Honestly, this is the best week of the year to kick off a science-fiction round-up. One of the most prestigious award ceremony in the genre — the Hugo Awards — were held on August 19 at the World Science Fiction Convention in downtown San Diego. Winning a Hugo Award is a major feather in any sci-fi/fantasy author’s cap, as the winners are chosen by a vote of the fan community. It’s like the MTV Video Music Awards, or the People’s Choice Award, only good.
This year, women won in nearly every category. Out of seventeen categories, women took home trophies in fifteen of them. Perhaps the greatest achievement of the evening belonged to N.K. Jemisin, who made Hugo history when her novel The Stone Sky took home the win for Best Novel. The book is the third in her Broken Earth series, which means Jemisin has now won Best Novel for every single installment of this saga!
Other major winners included Martha Wells novella All Systems Red, Suzanne Palmer’s novelette The Secret Life of Bots, and newcomer Rebecca Roanhorse, who not only took home the award for Best New Writer but also Best Short Story for Welcome to Your Authentic Indian Experience. On the graphic novel side, Monstress author Marjorie M. Liu and artist Saga Takeda respectively took home awards for Best Graphic Story and Best Professional artist.
If you’re looking for new cuts of sci-fi to read as summer fades into fall, the genre has you covered. This week’s new releases include an alternate American Civil War and an alternate universe where space colonization is a reality.
The Black God’s Drums
First up is Djèlí Clark ‘s debut novel. Set in New Orleans in a steampunk version of the American Civil War, readers follow a girl called Creeper who creeps (zing!) abroad an airship. From the description:
“Creeper plans to earn Captain Ann-Marie’s trust with information she discovers about a Haitian scientist and a mysterious weapon he calls The Black God’s Drums. But Creeper also has a secret herself: Oya, the African orisha of the wind and storms, speaks inside her head, and may have her ulterior motivations. Soon, Creeper, Oya, and the crew of the Midnight Robber are pulled into a perilous mission aimed to stop the Black God’s Drums from being unleashed and wiping out the entirety of New Orleans.”
The Fated Sky
Also out this week is The Fated Sky by Mary Robinette Kowal. The novel is the second in a series about an alternate America where the trajectory of the planet is changed when a meteor crashes into Washington D.C. in 1960. The first installment, called The Calculating Stars show that with Earth set to become inhospitable to humans due to the fallout of the meteor, humanity colonizes the moon. Now, in The Fated Sky, astronaut Elma York must grapple with if she can leave behind her husband for a mission to Mars that could save humanity. Or it could just get her killed.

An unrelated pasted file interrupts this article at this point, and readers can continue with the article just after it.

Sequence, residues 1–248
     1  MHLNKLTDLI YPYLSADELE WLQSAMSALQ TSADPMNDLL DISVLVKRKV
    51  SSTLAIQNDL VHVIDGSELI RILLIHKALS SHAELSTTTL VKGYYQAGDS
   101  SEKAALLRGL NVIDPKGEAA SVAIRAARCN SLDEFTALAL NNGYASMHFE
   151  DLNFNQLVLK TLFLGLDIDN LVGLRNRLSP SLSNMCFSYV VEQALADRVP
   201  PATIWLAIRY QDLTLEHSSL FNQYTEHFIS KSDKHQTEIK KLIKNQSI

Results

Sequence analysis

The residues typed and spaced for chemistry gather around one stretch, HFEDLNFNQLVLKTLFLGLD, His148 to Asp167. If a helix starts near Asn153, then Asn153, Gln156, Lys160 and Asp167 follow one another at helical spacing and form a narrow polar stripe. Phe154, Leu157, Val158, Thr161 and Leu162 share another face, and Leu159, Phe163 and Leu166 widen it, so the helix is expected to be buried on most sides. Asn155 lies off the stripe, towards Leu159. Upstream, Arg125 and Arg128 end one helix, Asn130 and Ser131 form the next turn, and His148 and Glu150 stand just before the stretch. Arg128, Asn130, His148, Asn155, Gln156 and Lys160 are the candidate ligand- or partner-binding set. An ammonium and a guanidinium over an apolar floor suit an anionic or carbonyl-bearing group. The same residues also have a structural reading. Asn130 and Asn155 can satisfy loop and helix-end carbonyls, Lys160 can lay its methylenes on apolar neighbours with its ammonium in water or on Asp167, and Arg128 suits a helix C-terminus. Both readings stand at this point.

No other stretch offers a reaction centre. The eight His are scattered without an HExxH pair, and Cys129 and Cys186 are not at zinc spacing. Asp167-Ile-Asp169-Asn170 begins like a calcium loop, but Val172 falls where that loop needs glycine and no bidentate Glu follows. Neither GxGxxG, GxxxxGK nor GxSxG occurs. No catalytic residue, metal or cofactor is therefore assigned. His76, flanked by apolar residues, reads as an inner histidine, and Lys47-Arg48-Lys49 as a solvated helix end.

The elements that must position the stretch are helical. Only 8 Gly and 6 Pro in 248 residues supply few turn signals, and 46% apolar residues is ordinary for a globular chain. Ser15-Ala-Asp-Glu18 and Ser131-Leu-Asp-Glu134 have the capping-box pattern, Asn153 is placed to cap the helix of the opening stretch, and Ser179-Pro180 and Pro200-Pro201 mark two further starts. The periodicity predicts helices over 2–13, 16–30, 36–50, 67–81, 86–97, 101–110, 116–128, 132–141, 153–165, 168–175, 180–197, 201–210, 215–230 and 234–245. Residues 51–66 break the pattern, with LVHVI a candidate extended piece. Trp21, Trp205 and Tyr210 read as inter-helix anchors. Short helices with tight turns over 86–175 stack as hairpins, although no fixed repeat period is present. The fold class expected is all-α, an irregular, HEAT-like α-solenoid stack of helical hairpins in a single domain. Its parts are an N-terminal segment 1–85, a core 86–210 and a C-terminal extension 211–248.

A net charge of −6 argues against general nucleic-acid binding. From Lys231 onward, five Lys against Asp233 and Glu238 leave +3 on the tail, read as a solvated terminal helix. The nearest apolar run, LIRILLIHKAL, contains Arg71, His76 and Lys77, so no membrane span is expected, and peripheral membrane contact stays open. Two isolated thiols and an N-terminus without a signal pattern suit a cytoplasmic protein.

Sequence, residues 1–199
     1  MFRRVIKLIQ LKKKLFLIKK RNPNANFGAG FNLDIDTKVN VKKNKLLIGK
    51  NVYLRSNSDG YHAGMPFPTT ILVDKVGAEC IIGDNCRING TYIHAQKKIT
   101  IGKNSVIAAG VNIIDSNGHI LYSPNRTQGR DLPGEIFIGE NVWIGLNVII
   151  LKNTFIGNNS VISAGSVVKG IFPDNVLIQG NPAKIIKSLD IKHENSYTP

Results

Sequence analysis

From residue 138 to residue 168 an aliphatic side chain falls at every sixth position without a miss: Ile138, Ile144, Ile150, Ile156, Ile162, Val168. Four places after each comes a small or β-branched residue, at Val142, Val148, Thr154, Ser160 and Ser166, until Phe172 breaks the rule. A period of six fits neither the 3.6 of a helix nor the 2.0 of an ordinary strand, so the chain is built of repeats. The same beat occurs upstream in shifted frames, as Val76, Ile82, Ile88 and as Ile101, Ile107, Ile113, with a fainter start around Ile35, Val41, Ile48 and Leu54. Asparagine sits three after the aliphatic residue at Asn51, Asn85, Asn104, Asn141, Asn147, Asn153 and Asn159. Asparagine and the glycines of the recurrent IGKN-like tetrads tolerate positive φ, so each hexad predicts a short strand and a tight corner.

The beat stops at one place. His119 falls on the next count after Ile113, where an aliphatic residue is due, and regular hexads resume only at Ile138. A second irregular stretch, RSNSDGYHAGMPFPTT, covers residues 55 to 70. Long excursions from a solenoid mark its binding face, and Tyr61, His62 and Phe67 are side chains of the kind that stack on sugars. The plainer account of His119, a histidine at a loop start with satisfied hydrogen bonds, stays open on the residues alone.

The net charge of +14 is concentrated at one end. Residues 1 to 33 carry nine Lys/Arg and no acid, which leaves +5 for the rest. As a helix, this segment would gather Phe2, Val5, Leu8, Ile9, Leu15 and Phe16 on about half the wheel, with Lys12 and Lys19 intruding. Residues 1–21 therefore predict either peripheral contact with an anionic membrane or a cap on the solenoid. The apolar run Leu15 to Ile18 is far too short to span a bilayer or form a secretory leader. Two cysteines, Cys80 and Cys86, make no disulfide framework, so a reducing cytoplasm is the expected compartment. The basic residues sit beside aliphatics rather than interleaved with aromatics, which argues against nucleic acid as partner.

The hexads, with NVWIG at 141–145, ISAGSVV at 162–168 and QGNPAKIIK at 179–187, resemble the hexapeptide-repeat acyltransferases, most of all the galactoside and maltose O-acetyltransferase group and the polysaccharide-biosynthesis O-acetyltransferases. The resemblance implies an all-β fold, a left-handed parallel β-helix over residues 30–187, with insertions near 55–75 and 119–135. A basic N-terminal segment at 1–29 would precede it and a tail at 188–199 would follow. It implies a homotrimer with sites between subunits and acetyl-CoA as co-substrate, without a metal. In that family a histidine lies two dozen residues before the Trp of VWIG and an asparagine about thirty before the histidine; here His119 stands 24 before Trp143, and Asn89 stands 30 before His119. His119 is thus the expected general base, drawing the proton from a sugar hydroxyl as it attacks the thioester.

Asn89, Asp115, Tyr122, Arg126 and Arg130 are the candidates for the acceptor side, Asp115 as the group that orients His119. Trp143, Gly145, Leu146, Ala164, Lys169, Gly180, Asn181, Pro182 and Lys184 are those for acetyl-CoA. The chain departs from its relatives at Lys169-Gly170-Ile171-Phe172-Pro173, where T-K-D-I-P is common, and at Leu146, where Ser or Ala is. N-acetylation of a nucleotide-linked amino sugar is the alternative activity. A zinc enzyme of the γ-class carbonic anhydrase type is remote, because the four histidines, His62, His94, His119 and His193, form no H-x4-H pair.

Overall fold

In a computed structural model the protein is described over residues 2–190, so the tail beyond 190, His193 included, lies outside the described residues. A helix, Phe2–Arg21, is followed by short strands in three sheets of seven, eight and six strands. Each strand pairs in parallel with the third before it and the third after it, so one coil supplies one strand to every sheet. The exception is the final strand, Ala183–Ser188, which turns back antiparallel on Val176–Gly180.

Aphrodite V #2
This a new graphic novel from Bryan Hill and Jeff Spokes is fascinating. A biomechanics woman living in near-future L.A., Aphrodite V follows the title character as she seeks to stop an evil machine. She teams up with a human that doesn’t trust androids but can they learn to trust each other enough to stop the bad guys?
And just because I can’t help myself, a little bit of adaptation news. Apple has officially signed off on turning Isaac Asimov’s Foundation novels into a television series. Good luck to them, because there are exactly zero* women in the first book and only one in the second.
*There is one walk-on role but she says one line and is never heard from again in the book.
Science Fiction in all its forms has become such a part of our society and bridged the gap from niche genre to pop culture phenomenon. There is something for everyone if you dig deep enough. The Wailing Blade is a great new comic series. There are a ton of amazing Sci-Fi TV shows to binge right now. Observe the best eclipses in Sci-Fi history too. You’ll find something you love in the world of Science Fiction for sure right here.
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